As someone else mentioned... I have figured out how to play golf when no one will miss me. I play 3 times a week (minimum) during the summer during the week. How you may ask? I tee off at my local course about 10 minutes before sunrise. I play the first 2 holes with minimum light. I get done with a full 18 before work. I don't get the commraderie of playing with my buddies, but I do get my golf fix.
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  • MadGolfer76MadGolfer76 Admiration is the state furthest from understanding. Members Posts: 19,888 ✭✭
    "Watching the kids" doesn't take all that much strain if done well, and doesn't have to result in the TV taking over the parenting either. Never understood that as a complaint, but there are plenty of things I don't get about 21st century life either.



    Sounds like the wife wants a break from time to time. Take turns.
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  • Dr.FrankenputzDr.Frankenputz Members Posts: 707 ✭✭
    Whenever she asks me to watch the kids so she can do something I try to always say yes. I also try to encourage her to do as much stuff without the kids as possible.
  • farmerfarmer Members Posts: 7,849 ✭✭
    Do as much of the routine stuff as you can. Laundry, grocery shopping, cleaning, cooking, carry as much of the load as you can. You're still going to be limited, but your wife may be happier.
  • Fairways_and_GreensFairways_and_Greens Members Posts: 759 ✭✭
    I have a wife and two kids almost the same age. I play league in Tuesday and during the summer I play one day in weekends, but I'm typically playing by 6:00am. I have a net at home.
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  • Canoe PaddlerCanoe Paddler Members Posts: 187 ✭✭
    I'm in a similar situation as you. For me a few helpful things have been:



    - more 9 hole rounds

    - occasionally taking my boys (7 & 3) with me, which is a different kind of fun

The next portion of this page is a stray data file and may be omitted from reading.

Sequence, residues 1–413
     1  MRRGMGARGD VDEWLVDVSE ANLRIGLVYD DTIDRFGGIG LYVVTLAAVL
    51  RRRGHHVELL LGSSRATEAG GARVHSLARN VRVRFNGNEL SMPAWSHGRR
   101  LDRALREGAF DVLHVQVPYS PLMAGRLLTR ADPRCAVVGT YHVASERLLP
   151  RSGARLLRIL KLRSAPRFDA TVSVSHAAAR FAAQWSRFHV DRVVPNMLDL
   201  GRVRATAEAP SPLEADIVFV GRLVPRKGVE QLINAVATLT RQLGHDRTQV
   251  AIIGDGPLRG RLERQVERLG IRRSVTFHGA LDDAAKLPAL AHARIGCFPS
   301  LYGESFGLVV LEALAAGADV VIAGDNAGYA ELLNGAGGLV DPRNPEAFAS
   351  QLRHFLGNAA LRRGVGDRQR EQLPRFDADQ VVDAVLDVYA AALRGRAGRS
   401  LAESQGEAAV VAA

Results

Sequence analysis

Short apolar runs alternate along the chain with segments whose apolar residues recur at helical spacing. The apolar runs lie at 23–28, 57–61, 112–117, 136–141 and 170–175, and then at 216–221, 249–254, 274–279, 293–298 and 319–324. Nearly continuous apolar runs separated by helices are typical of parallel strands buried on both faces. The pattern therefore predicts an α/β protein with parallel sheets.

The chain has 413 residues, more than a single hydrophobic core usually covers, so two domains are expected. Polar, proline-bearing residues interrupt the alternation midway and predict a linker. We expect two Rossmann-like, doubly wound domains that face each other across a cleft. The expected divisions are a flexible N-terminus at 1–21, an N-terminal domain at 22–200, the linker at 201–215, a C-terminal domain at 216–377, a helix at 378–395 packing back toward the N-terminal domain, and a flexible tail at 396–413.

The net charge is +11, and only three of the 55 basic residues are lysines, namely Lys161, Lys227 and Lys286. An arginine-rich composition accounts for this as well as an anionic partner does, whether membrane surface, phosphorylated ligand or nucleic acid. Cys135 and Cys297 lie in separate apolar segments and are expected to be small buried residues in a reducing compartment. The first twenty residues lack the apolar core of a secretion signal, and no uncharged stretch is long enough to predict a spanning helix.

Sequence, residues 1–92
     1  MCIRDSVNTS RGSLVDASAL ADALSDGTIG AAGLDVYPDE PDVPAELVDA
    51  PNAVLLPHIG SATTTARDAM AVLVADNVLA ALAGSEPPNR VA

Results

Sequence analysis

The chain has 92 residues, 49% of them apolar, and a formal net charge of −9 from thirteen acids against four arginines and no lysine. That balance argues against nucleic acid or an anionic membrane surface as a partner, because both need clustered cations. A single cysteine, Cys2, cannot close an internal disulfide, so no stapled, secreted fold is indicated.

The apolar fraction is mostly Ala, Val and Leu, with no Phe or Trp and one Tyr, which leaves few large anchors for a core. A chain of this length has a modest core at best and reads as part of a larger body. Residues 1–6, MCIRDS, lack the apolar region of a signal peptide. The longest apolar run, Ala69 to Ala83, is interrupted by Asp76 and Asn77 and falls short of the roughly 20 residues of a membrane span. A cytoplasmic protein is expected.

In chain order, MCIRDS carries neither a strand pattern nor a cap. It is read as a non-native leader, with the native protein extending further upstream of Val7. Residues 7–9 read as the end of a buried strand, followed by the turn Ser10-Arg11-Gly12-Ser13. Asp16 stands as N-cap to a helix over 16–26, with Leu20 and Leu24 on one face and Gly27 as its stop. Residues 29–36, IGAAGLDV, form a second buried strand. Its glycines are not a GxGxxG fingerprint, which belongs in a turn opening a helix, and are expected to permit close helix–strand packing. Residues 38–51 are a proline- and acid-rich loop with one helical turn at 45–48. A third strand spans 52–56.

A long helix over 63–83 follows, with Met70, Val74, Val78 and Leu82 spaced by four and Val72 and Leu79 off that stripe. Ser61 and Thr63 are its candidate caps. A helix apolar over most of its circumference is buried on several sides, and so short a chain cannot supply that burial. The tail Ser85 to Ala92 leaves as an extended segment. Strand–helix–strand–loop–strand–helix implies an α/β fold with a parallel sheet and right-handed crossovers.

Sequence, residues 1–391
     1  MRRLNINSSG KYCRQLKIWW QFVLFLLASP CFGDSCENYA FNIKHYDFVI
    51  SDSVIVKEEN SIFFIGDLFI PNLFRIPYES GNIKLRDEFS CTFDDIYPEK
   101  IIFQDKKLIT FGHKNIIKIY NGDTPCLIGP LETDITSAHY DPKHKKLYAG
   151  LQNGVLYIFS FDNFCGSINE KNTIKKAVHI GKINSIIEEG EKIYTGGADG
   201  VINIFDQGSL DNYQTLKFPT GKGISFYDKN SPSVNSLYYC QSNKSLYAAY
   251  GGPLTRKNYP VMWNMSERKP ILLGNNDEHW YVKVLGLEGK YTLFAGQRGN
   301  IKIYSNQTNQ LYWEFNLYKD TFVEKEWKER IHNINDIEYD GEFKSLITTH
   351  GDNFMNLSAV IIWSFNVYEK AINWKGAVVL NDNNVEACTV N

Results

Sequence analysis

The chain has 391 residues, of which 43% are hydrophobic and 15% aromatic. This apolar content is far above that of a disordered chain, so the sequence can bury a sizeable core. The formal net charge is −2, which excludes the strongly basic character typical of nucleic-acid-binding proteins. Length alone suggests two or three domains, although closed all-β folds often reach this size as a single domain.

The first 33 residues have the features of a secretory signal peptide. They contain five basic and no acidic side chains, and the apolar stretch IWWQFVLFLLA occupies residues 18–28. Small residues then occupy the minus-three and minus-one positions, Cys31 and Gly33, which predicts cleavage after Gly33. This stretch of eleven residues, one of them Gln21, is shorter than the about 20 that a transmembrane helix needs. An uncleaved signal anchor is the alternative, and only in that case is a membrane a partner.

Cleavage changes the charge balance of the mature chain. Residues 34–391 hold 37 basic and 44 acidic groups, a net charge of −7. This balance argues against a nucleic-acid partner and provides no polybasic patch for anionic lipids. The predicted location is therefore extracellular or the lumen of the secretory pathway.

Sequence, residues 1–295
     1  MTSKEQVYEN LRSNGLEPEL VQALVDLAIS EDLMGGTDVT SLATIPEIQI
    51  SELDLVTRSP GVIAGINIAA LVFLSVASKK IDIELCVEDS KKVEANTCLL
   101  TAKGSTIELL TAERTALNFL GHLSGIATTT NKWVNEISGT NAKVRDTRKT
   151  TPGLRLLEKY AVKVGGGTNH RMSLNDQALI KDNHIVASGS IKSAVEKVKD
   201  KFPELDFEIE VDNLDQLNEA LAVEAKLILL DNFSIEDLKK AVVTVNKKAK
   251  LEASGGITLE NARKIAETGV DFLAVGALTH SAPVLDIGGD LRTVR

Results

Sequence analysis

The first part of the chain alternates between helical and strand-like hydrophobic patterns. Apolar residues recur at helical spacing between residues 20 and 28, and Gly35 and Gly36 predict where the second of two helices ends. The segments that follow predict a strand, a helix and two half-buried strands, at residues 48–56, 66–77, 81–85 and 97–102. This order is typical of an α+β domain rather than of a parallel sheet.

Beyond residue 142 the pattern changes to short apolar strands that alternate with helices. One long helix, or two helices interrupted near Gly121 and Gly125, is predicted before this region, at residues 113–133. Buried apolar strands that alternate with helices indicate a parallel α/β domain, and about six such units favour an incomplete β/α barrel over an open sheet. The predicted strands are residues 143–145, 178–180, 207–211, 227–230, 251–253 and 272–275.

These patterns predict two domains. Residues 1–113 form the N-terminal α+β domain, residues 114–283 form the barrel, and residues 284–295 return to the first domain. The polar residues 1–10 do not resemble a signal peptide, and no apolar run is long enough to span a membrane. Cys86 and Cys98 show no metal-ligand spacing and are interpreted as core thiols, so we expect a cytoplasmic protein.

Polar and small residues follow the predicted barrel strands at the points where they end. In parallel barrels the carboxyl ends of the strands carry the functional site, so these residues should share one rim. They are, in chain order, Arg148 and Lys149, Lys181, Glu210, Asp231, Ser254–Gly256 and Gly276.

- planning 18 hole rounds in advance and getting a sitter so my wife can get out during that same time. That way we both get a break

    - Taking single vacation days and playing 36 holes
  • jslane57jslane57 Members Posts: 3,929 ✭✭
    Golf can be a very selfish game and every situation is different. Maybe it is time. Maybe it is money. Does it even matter? I quit golf during those years. Not because I wanted to avoid a fight, but because I hated playing poorly when not practicing or practicing like I needed to. I can't tell you how many of my kid's friend's parents got divorced when middle school and high school came around due to the stresses of kids and such, there were many. Try not to make decisions that you'll regret when it comes to the humans in your life, at the end of the day, golf is just a game...
  • fairways4lifefairways4life Members Posts: 1,553 ✭✭
    OP, how much golf are you playing?



    And do you ever take both kids and free up your wife to go out by herself?



    I have a wife and a young one at home. I try to plan each weekend to allow for a window of time that I can play. I belong to a private club about 10 minutes away. I don't spend time warming up before the round. Straight to the tee, about a 3 to 3.5 hour round and straight back home. Total investment is 4 hours tops.



    The rest of the weekend involves house work and encouraging my wife to get out and do something while I stay home with the little one. That way she gets her time and I get my time. Marriage -- and parenting -- is a compromise.



    Personally, I'll agree to disagree with those who say to just quit the game entirely until the kids are grown. Between work and parenting and maintaining a household, I believe it's healthy for adults (men and women alike) to have something in their life that is for them. It's a way to reset and recharge and releive some stress. It's an outlet. Keeping all that stress bottled up isn't healthy. Whether it's golf or softball or music or painting or whatever, I feel like it's important to have something in your life that is just for you.



    The key is to make sure that both partners have that opportunity so it takes sacrifice on each person's end to make it happen.



  • cwglumcwglum Members Posts: 1,556 ✭✭
    OP, hopefully your wife has social outlets that she can setup for herself to get some time away as well. Encourage her to do so.



    If she does not, than it will be tough.
  • nellycuznellycuz Pured Members Posts: 450 ✭✭


    Whenever she asks me to watch the kids so she can do something I try to always say yes. I also try to encourage her to do as much stuff without the kids as possible.




    THis is my key. Always try to say yes. I like to encourage my wife to go do things on my day off, especially in the winter months when I can't golf. I have a 1.5 yr old and another one on the way. Trying to get my 1.5 year old putting in the house and watching golf, she seems to have some interest already. Then when she's 5 or so, i can take her to play 9 holes and see how it goes. I've also found myself playing 9 holes more often and closer to the house. 2 hours one evening as opposed to 5.5 hours on a weekend round with the buddies is wayyy more doable. We will see how this goes when 2 are in play but I'll figure it out.
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  • wkndhackwkndhack Members Posts: 908 ✭✭